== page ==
Hopefully you will learn a thing or two from this blog post about what I’ve learned through traveling to Eastern Europe and living in Ukraine.
It’s okay to be who I really am.
It’s perfectly okay to be happy, wonderful and brave, no matter what. I haven’t had a real relationship for many, many years and lots of people judge me because of that. They look at me and think, “What’s wrong with this person? Being single can be better than being married?!” This has happened for many times when I was living in the western culture.
Truthfully, even though I had relationships in the past, I don’t think those relationships are actually real. Yes, of course, to some extent, those relationships are definitely real, but I didn’t feel any strong connection to those people previously.
We tend to underestimate the power of luck. Yes, intelligence and hard work are very important, but luck is equally important. I don’t think I have any serious problems, but so far in my life I obviously haven’t had the luck to meet the right person who can actually become my partner. Yes, I had a spouse before, but a spouse isn’t necessarily a partner. It seems that traveling to Ukraine allows me to meet new people who can understand how I feel and what I’m talking about. I’m very grateful to my new friends in Eastern Europe.
It’s absolutely okay to live a life that makes total sense to me. I am allowed to be me. There is nothing wrong with laughing out loud like a child in a busy street. There is nothing wrong with choosing not to have a corporate job which requires me to sit in an office for 38 hours per week. There is nothing wrong with choosing not to explain myself to those who have judged me – they don’t need to know my full story. Yes, I feel like a single person all my life, and that’s okay – It only means I have high standards, and there is nothing wrong with that. I don’t want to compromise my standards. Unlike many people who are afraid of being single, I don’t fear being single at all. There is nothing wrong with dressing up like a princess, even though I’m not a child anymore. It’s none of others’ business.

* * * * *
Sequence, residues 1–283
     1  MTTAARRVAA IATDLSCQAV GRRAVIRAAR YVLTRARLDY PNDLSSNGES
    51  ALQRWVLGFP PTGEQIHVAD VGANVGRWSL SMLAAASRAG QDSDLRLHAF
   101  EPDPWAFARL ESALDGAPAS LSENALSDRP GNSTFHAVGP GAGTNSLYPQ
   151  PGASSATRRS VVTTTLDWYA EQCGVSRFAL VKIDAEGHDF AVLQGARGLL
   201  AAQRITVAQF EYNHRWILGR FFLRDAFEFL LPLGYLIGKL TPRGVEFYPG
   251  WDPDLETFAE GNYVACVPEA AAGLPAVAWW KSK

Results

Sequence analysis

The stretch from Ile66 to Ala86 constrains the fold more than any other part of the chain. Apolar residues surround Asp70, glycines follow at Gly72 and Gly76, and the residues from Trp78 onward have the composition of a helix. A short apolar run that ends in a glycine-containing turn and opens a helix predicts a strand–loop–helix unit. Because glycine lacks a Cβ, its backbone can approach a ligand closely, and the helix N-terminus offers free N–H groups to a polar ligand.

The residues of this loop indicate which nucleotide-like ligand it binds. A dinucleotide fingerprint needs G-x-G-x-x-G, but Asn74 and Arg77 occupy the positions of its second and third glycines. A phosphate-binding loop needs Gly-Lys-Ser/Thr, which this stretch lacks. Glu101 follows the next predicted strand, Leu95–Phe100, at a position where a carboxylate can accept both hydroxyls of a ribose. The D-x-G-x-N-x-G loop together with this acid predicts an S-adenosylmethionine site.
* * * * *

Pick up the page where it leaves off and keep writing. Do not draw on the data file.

As a single child in my family, I know that in the near future my parents will rely on me completely. Right now, I’m ready for that – even with family commitments, it’s okay to make self-loving, positive choices for myself. My happiness is the best gift for my family because my parents definitely want me to be happy. In fact, everybody in a family benefits from the happiness in others because the happiness can be shared further. Genuine relationships understand and support this idea.
After living in Ukraine for a while, this is my realization: I am absolutely free to choose the way I want to live my life. I am allowed to honor my heart’s decisions. I am free to be me.
Gratitude makes my life easier.
Gratitude is the key to a locked door. My trip in Ukraine has taught me many things and I cherish the learning: Everyone has bad days and everyone also has good days. Both will pass and both will come repeatedly. Life is simply a balance of dark and light. Happiness comes from accepting that both dark and light are a natural part of our lives. Acceptance gives me a balanced perspective so that I can enjoy the good days and learn from the difficult days. During challenging days, this is what I do in order to feel better instantly:
First, I have a screen-free day: I literally ban myself from the laptop and smart phone for 24 hours. I don’t even turn them on. I think I should do this once a week or even twice a week! In this way, I can have more time to read good books, listen to my favorite music and go out for a walk.
Second, I wear a yellow outfit. In my opinion, this brighter color gives me a lighter heart. It makes me look and feel good immediately. Change is totally necessary to alter my current state, including my appearance. It’s simple and achievable right now.
“Life in Ukraine opens your eyes to brand-new perspectives and opens your heart to new dreams and strengths.”